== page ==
Oil and Gas Refinery Challenges: People, Product, and Placement

     
The revival of a strong economic foundation, increase in global demand, and boom of U.S. shale production shine a bright forecast for oil and gas refineries, numbering about 700 worldwide. About 20% of these operate in the U.S. and have emerged as one of the financially healthier players in the oil and gas ecosystem.

Nonetheless, even with the upside for this downstream player, refineries must continue to manage challenges like the availability of a skilled workforce, feedstock selection/product mix, and transportation logistics.

 Can prescriptive analytics address all three? If so, what are the use cases? Here are a few answers for each.

 People: Critical to Downstream Success

In general, attracting and retaining a viable workforce moves the talent component to the forefront. With today’s U.S. economy showing an unemployment rate of less than four percent, staffing requires careful attention.

 The shortage of talent is a concern, in addition to:

  • Scheduling shifts for efficiency
  • Avoiding workforce fatigue, often cited as a challenge for refineries
  • The ability to pivot with unanticipated situations like the 2015 oil refinery strike that involved one-fifth of the national capacity

The good news is that technologies leveraging prescriptive analytics can preempt poor allocation of valuable resources. It can identify the most efficient shifts at one location or across several facilities within a region like Valero, that has three refineries within a 100-mile radius of Houston, Texas.

Because this type of AI technology factors in multiple shifts with multiple production operations, work schedules can be optimized beyond what standard scheduling software provides.

In summary, better workforce management means better operating cost management.

Products: Mixing it up for Profits

As the U.S. gets closer to its status as a net exporter, refineries are benefitting with new market opportunities, including the demand for more blends. Before, refinery profits were more straightforward: action plans included purchasing low-cost crudes to produce standard products with high-market value.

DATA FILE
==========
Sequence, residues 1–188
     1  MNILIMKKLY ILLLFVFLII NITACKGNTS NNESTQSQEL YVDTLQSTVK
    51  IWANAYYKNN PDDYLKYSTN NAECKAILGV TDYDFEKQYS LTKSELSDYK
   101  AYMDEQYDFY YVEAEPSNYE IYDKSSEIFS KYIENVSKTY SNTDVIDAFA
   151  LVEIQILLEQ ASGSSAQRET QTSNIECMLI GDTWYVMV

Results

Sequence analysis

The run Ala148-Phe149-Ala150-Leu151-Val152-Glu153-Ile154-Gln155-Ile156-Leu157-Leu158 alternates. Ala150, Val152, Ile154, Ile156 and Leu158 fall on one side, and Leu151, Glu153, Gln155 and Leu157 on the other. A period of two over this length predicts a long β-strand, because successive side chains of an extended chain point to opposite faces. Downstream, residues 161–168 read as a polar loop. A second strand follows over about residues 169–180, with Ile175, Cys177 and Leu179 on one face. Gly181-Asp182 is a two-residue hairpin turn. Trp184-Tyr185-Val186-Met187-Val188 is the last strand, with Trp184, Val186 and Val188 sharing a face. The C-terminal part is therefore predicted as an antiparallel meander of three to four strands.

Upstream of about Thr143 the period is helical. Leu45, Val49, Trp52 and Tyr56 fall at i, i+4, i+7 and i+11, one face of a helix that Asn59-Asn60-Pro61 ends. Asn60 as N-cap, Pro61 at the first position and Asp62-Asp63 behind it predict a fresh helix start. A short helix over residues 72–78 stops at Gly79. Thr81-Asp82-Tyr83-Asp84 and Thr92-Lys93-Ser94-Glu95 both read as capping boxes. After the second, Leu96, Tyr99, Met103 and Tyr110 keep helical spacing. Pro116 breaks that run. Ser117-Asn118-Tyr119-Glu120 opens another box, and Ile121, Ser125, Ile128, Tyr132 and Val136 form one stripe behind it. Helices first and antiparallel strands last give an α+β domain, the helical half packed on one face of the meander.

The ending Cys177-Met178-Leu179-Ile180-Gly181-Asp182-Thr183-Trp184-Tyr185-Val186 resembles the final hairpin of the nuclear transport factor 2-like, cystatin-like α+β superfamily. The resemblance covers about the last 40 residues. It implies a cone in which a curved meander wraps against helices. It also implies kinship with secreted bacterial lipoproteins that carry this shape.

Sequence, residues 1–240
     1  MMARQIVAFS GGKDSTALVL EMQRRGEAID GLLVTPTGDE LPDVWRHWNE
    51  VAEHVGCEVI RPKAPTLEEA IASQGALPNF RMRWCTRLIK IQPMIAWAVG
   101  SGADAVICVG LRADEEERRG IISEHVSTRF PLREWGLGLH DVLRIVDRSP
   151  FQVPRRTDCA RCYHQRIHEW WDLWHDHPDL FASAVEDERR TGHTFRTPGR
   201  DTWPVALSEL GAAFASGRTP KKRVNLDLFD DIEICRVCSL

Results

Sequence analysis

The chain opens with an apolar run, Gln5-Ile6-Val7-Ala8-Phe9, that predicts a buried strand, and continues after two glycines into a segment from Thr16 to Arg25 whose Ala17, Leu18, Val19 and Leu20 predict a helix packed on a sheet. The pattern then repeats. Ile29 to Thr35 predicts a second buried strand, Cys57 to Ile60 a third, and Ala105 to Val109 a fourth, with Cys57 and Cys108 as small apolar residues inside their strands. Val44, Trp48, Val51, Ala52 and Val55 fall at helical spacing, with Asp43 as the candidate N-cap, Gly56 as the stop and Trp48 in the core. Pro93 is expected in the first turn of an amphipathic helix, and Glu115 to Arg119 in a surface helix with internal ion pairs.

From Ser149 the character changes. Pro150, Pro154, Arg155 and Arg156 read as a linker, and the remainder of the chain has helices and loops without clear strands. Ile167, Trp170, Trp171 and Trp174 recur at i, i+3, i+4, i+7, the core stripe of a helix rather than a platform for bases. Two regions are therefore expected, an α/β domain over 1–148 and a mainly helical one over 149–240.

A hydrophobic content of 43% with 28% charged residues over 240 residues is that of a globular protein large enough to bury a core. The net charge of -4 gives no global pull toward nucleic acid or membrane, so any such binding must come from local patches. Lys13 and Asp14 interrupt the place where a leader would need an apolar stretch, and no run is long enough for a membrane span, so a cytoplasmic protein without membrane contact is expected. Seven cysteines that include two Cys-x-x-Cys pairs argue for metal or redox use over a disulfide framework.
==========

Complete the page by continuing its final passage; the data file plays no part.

However, new regulations and global market demands can alter business-as-usual operations. Take for example the International Maritime Organization (IMO)'s upcoming fuel standards. These require that transports switch from high sulfur fuel oil to low sulfur limits by 2020. This output change makes actionable insights critical to profitability in an industry segment with low operating margins.

Other use cases to assist with planning for product mix include the ability to ask questions like “What capital expenditures will yield the most value?” — significant for refineries operating with older infrastructures.

As product mixes and intake resources evolve for refineries, so does the need for more advanced analytics.

Placement: The Last Leg of the Margin Journey

Hurricane Harvey. The increased oil demand for Asian growth. Possible trade wars. Nature, extended travel time, and the geopolitical climate continue to add to the complexities of delivering refined products.

Prescriptive analytics provides the ability to provide optimal routing and schedules used for nominations and dispatch. The capacity to gain insights with a clear view of margin impact is unequivocal in maintaining company financial goals.

Refineries that want to maximize profits and margins will find advanced technology a partner in meeting the numerous challenges that they will face with the changing events ahead. 

 Energy Trading and Logistics

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